In the months following China's 1989 Tiananmen Square crackdown, both the President and the Congress took a number of initiatives protesting Beijing's actions. These initiatives centered around U.S. concerns related to trade, human rights, and non-proliferation. In intervening years, the United States has periodically imposed, lifted, or waived other sanctions and concluded several trade-related agreements with China relating to these concerns. Those measures that remain in place in 1994 are detailed in the accompanying tables. digital.library.unt.edu/ark:/67531/metacrs121/
The Convention on International Trade in Endangered Species: Its Past and Future
This report discusses the Convention on International Trade in Endangered Species of Wild Fauna and Flora (CITES). It is divided into six sections: Introduction, Background, CITES and the Endangered Species Act, Implementation, Upcoming Events, and Appendices. digital.library.unt.edu/ark:/67531/metacrs96/
Marine Mammal Protection Act Amendments of 1994
No Description digital.library.unt.edu/ark:/67531/metacrs97/
Legislative Prayer and School Prayer: The Constitutional Difference
The Supreme Court's decisions holding government-sponsored prayer in the public schools to violate the First Amendment's establishment clause but prayer in legislative assemblies to be constitutional are sometimes lifted up as contradictory. This report summarizes the relevant decisions and identifies the distinctions the Court has drawn between the two situations. digital.library.unt.edu/ark:/67531/metadc26057/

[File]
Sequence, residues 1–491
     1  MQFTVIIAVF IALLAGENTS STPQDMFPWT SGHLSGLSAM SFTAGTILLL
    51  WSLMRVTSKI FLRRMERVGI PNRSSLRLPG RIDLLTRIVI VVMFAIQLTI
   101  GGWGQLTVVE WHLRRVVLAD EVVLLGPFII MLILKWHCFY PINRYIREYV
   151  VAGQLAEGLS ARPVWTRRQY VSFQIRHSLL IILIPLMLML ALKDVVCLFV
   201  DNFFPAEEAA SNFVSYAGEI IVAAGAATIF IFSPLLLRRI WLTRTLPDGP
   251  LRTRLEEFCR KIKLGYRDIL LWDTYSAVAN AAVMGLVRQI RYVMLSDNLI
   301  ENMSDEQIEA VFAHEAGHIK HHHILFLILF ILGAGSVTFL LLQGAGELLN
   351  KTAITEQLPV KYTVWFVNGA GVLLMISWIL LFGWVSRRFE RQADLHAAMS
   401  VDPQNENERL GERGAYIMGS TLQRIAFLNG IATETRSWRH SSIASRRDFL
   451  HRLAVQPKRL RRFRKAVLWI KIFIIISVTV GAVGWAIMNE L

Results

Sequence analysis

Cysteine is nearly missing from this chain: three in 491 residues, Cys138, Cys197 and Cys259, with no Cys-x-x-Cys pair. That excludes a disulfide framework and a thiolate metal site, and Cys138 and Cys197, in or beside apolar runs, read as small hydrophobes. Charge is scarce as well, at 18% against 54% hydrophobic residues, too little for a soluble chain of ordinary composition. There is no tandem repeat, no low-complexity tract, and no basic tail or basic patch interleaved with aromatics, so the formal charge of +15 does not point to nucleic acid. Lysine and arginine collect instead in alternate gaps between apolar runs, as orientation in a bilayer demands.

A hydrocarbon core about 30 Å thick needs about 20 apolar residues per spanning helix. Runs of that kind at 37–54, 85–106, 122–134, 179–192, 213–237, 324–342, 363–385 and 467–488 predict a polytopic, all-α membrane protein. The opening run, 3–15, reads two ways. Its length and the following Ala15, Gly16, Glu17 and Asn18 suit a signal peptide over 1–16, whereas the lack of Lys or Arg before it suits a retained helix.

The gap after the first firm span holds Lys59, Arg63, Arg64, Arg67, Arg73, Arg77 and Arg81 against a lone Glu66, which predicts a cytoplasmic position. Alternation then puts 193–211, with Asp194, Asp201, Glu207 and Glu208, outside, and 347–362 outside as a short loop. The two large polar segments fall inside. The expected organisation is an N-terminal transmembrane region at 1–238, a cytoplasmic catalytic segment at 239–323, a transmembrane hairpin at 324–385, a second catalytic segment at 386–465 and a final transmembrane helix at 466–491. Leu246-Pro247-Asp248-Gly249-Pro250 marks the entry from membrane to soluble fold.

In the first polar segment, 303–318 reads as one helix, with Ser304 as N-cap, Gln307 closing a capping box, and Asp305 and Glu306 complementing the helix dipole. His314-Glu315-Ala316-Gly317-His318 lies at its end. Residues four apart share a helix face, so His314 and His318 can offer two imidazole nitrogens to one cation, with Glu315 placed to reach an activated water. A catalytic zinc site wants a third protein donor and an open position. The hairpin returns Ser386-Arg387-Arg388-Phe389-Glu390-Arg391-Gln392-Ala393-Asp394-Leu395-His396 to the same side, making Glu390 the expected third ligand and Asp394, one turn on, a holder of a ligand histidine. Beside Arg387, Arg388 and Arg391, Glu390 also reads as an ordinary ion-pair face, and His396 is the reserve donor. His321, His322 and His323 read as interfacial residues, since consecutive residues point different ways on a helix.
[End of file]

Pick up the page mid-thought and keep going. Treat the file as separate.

Legislative Prayer and School Prayer: The Constitutional Difference
No Description digital.library.unt.edu/ark:/67531/metacrs109/
Implementing Acid Rain Legislation
No Description digital.library.unt.edu/ark:/67531/metacrs94/
Clean Water Issues in the 104th Congress
For the 104th Congress, reauthorization of the Clean Water Act would seem likely to be a priority, since the Act was last amended in 1987 and authorizations expired on September 30, 1990. But legislative prospects in the 104th Congress are uncertain. Clean water also was a priority for the 103rd Congress, but, in 1994, Congress ran out of time and did not act on comprehensive amendments. Many of the issues proved to be too complex and controversial to be resolved easily, while Congress also was considering a large agenda of environmental and other bills. Controversies arose in connection with issues specific to the Clean Water Act and a trio of regulatory relief issues that became barriers to a number of bills in the 103rd Congress. digital.library.unt.edu/ark:/67531/metacrs168/